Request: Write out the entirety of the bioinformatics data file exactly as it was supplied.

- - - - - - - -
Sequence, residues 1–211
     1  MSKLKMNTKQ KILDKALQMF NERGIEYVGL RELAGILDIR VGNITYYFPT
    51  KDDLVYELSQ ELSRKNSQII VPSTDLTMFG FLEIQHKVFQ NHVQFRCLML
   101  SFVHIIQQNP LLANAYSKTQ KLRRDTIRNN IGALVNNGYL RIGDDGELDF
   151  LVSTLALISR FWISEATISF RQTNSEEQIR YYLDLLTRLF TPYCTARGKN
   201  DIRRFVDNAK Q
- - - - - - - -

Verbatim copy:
Sequence, residues 1–211
     1  MSKLKMNTKQ KILDKALQMF NERGIEYVGL RELAGILDIR VGNITYYFPT
    51  KDDLVYELSQ ELSRKNSQII VPSTDLTMFG FLEIQHKVFQ NHVQFRCLML
   101  SFVHIIQQNP LLANAYSKTQ KLRRDTIRNN IGALVNNGYL RIGDDGELDF
   151  LVSTLALISR FWISEATISF RQTNSEEQIR YYLDLLTRLF TPYCTARGKN
   201  DIRRFVDNAK Q